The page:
o Created networks of women barred from public political and economic work.
o Provided space for women to work for social reform.
o Reformist impulse led to political action for suffrage and the right to political par-
ticipation.
o Women realized that in order to make changes with temperance (drinking) and
political participation the vote was needed to create political pressure.
o Upper middle-class women.
o Still exclusive to race and class.
o Middle and lower class women still worked.
Teachers, laundresses, boarding house operators, manufacturing, home
workers paid by the piece.
Abused in industrial work outside the home, especially the textile industry.
Ruled by men and paid extremely less, barely a living wage.
Working women suspicious of the upper-middle-class women and their desire for reform.
o Saw this as class domination.
o Some women’s unions formed or participation in other unions.
Bell Telephone strike of 1907.
Eaton’s Factory Strike of 1912
Limitations to union abilities.
o Difficult to organize women scattered among small shops
or in home-based manufacturing.
o Unionization efforts focused on organizing skilled male
workers.
o Male unions suspicious/hostile to women in the labour
force accusations of taking the jobs and keeping wages
low.
o Domestic obligations limited women’s freedom to attend
union meetings.

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Critical Terrain
Week Two Reading
Page | 3
Social Reforming Feminists
Smaller group of women in the First Wave that pushed for equal rights.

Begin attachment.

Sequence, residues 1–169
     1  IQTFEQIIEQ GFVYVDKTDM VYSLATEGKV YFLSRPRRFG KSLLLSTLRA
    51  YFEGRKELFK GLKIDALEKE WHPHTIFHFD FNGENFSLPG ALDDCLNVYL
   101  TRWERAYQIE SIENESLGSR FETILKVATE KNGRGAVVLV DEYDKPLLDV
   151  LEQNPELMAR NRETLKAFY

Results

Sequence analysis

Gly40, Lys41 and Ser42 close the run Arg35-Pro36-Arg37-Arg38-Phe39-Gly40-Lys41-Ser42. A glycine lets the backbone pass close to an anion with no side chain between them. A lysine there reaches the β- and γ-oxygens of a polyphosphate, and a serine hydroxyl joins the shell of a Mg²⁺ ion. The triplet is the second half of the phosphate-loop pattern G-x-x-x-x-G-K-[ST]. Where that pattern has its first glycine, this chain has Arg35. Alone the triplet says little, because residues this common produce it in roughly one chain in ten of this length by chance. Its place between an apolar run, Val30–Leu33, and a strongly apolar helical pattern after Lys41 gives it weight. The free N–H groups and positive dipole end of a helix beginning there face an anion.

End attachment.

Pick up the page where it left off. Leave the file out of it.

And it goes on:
o Wanted political rights.
o Wanted political, economic, and social equality.
o Arguments of simple justice.
o Viewpoint of how similar women and men are and unjustness to not being treated
equally.
Page 659
National Council of Women (NCW) - 1893
National network of women’s organizations that formally advocated for the voting rights
of women.
Umbrella organization with a diverse range of women’s organizations that chose to affili-
ate.
Broad focus.
o Suffrage and temperance through prohibition.
o Better working conditions for female domestic and factory workers.
o The rights of married women to property.
o Public health rights.
Dominated by upper-middle-class urban social feminists and radical feminists regarding
the militancy or lack of militancy of the suffrage campaigns.
o Further class tensions arose.
o Significant urban/rural differences between Western Canada and the East.
o Movement white and Anglo-Saxon.
o Suffrage was not the main or only goal.
o Movement did not present a single unified face but instead its strength was in
its diversity.
o The Canadian struggle for suffrage focused on the less militant and less vio-
lent activities of petitioning, lobbying public appeals and education using pri-
vate connections with politicians.
Largely a result of Social Feminists dominating the movement.
WWII
Social norms began to change.
o Large numbers of women entered the labour force.
o Creation of women’s paramilitary organizations and their admittance into the
armed forces.
Still no equity.
Placed I subordinate positions.
Traditional attitudes prevailed.